What Christ's Death Meant to Him
“...to purify for Himself a people for His own possession”

By Jon W. Quinn

If you were asked why Jesus died, you might answer something like: "He died for me to save me from my sins." Of course, that is correct (1 Corinthians 15:3). But, it is not all the answer. It does inform as to what His death meant to us. It was a redeeming, rescuing death to save. It was so that we who were lost could be found and reclaimed. The fact of such great love of the Creator for us ought to excite within us praise and thanksgiving; a wonderful sense of confidence and wellbeing. We ought to love Him who first loved us.

We will touch upon some points concerning what Christ's death meant to us, but we're also going to notice something not as often noted: that is, what Christ's death meant to Him! Consider our text and its context: “who gave Himself for us to redeem us from every lawless deed, and to purify for Himself a people for His own possession, zealous for good deeds.” (Titus 2:14; see vs. 11-15).

Jesus' Death and Our Redemption from all Iniquity
Eternal hope simply is not found anywhere else other than in Christ Jesus. Our iniquity, if we are not redeemed by Christ, is a horrible separator between God, and the good He is, and man, eternally lost and without hope. Let your attitude not be as the nation of Judah's was as it faced the judgment of God: "But they will say, 'It's hopeless! For we are going to follow our own plans, and each of us will act according to the stubbornness of his evil heart.''” (Jeremiah 18:12).

It is stubborn pride that causes one to think he or she has no need of God because they have devised a better way to live. Judah is described by the Lord: 'For My people have forgotten Me, They burn incense to worthless gods…” (Jeremiah 18:15a). The end of such fruitless pursuit is judgment and destruction. It was then, and still is today, whether it be the idols of Judah's day, or their modern counterparts which compete with God for our hearts today (Jeremiah 18:16-17).

Sadly, often the final response of those hopelessly lost is to attack the messenger who would counsel them concerning both the danger they face in sin as well as the salvation of God (Jeremiah 18:18).

Redemption in Christ Saves Us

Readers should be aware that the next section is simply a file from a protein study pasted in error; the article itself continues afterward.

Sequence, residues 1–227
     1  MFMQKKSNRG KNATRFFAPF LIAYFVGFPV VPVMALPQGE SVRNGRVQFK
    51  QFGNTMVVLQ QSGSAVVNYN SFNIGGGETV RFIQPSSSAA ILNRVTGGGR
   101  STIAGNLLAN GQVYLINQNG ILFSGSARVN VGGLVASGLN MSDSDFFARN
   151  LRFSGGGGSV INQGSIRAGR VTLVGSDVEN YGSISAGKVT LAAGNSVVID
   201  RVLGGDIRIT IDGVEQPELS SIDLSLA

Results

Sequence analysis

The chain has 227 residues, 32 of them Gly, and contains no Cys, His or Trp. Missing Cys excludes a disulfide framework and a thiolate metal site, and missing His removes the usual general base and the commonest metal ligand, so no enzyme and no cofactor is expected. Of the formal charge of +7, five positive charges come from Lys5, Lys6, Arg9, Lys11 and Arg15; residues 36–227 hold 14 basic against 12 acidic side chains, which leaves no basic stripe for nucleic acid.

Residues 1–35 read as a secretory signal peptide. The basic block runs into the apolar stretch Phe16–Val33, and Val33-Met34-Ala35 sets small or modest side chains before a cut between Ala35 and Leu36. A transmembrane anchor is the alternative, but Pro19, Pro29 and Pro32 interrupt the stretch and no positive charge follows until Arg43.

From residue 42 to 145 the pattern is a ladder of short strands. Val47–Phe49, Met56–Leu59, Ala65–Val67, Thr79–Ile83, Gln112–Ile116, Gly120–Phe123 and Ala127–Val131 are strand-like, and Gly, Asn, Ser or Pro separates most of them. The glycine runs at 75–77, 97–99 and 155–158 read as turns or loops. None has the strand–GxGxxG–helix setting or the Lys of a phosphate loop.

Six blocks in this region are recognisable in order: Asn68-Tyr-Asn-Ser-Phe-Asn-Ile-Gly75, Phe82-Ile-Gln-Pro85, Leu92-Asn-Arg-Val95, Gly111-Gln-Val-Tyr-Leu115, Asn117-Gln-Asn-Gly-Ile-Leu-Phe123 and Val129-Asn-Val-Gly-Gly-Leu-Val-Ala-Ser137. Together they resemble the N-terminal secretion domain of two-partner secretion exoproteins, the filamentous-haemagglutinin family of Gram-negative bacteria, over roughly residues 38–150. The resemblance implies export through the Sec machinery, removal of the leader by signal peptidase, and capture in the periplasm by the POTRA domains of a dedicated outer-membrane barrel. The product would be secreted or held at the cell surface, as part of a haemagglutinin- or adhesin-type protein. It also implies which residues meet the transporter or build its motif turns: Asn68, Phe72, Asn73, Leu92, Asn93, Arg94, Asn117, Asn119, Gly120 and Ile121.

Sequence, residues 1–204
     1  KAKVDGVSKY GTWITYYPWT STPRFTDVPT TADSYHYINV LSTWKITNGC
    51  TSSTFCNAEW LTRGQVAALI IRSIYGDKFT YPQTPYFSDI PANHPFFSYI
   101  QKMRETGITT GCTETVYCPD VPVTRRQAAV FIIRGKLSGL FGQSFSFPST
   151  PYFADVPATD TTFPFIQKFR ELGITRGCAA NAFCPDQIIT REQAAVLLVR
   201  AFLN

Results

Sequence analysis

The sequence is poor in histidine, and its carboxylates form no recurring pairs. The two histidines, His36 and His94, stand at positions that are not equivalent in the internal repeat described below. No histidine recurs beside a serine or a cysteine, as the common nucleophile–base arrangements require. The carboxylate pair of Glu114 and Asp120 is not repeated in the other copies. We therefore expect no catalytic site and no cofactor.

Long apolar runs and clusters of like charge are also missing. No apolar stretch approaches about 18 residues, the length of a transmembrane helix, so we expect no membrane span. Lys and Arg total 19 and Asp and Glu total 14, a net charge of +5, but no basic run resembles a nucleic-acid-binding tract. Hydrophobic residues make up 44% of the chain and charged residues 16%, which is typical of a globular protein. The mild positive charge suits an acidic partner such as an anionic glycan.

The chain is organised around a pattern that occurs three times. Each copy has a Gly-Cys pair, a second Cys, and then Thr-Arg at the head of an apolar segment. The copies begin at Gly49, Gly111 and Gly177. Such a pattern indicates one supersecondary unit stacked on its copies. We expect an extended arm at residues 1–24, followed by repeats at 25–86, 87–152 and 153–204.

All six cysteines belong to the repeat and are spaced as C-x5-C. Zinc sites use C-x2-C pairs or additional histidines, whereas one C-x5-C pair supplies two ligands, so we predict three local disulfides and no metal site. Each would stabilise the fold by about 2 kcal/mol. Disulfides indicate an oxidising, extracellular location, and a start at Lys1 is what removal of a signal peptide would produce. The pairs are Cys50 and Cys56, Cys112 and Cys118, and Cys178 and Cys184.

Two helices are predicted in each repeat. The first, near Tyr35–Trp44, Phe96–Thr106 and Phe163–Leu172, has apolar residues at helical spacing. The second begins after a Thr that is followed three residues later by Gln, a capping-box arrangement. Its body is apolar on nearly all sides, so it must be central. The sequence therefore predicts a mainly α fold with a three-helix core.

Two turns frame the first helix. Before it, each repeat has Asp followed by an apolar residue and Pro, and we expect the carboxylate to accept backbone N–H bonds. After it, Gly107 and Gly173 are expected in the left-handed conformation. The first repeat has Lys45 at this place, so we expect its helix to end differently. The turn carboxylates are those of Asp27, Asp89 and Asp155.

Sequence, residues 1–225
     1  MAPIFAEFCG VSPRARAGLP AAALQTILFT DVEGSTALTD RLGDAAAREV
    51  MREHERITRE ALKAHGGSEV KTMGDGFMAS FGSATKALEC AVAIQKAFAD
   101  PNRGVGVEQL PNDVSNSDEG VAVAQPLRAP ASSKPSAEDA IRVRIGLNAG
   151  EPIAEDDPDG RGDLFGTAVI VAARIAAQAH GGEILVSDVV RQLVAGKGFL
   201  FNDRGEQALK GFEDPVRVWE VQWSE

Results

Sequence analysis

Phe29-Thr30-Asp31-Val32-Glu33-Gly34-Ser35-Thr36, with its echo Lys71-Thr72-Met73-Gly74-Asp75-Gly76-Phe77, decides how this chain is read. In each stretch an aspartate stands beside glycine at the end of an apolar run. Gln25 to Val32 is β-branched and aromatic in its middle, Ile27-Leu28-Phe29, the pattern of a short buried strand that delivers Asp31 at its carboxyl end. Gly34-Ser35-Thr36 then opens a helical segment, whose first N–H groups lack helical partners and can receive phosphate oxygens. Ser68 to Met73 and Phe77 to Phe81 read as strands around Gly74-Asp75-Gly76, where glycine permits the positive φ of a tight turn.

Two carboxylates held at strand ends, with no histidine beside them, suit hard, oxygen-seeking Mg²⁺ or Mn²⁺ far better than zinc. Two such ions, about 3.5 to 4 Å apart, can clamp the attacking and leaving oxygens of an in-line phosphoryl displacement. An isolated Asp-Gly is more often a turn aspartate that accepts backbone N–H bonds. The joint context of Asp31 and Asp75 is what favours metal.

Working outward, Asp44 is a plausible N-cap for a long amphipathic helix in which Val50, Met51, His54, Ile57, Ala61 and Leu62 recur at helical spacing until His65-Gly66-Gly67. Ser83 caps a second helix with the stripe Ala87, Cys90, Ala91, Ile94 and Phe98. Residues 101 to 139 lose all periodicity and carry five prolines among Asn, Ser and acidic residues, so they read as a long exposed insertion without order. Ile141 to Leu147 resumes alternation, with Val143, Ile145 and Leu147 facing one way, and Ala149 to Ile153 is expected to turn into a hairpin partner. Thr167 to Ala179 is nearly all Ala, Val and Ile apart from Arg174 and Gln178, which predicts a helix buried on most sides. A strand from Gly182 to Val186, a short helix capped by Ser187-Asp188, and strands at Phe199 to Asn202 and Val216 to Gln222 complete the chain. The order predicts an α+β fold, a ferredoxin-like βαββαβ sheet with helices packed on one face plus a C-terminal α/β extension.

Though there is much involved, here is one foundational reason that I am not going to hell. It is because Jesus redeemed me (1 Thessalonians 5:9-11). I simply look for salvation no where else because I am convinced by Jesus that there is none to be found anywhere else.

Because it has been God's desire to save me through His Son, I am encouraged and confident, and therefore motivated to remain faithful to Him. He called me through His gospel, and it is on that Holy Word I stand, sanctified, living by faith, standing firm and holding to the teachings (2 Thessalonians 2:13-15). I am convinced there simply is not anything else that will do.

Jesus' Death and a Purifying of a People for His Own Possession
But Jesus did not die only to keep us from being eternally lost. He died to make us His own, for the glory of God (Ephesians 1:14; 2:10). He died to make us into something good and excellent (1 Peter 2:9-12). We are missing it somewhere if we are not walking as Jesus' own people would walk during our time upon the earth!

Jesus is my Lord on both sides of eternity. He is the everlasting Lord of all His people. Not just for a little while, but for all eternity, He is Lord. Even in death, I still am His! When by death I leave this world, I will still be His own (Romans 14:9). His plans for us, His church, are eternal in their nature. His dominion is forever and ever (1 Peter 5:10-11)

Jesus' Death and His People Zealous for Good Deeds
The love which Christ had for us becomes the great control of our lives motivating us to live for Him. If our appreciation toward Him for His great redemptive work is as it ought to be, then we are left with but one reasonable option: to live for Him rather than for self (2 Corinthians 5:14,15).

Our Lord's death means to equip us so that we may be adequate in everything that pleases the Lord and brings God glory (Hebrews 13:20,21). The offering of Christ assists us to clear our thoughts of the wasteful, ruinous ways of the world so that we may focus on a higher and nobler calling of serving the living God (Hebrews 9:14).

Christ's death made it possible for us to die to sins and to live to righteousness through a healing process (1 Peter 2:24-25). The nobility of the sacrifice of Jesus ought to cause us to eagerly engage in doing the good things God intends us to do so that the Father and the Son may be glorified.

And then, in that eternal realm, the time to glorify God in this world will have passed. Those opportunities will have ceased. There is no good reason to live in such a way now that when we get there we are regretting that we did not take better advantage of the opportunities we now have!

But that is not to say that our deeds done here in the present will no longer have an effect. Even then, what we have done here by faith will continue to bring forth good and positive effects throughout the ceaseless eternal day to come (Revelation 14:12,13; Hebrews 6:10-12).

Conclusion - So, we see that not only did Jesus' death make salvation possible for us, it also made it possible for Him, to purify a people for His own possession; a people full of zeal to carry out His will on the earth, and to finally rejoice with Him in glory in eternity. That's the plan, at any rate. How well and to what extent I cooperate with the Savior is up to me. But is there a good reason to resist the plan that will bring about such a great eternal victory? Will I be a disciple of Christ, belonging to Him and zealous in His work? Let the answer be "Yes!"

From The Bradley Banner 10/3/2010
Published by the Bradley Church of Christ
1505 E. Broadway

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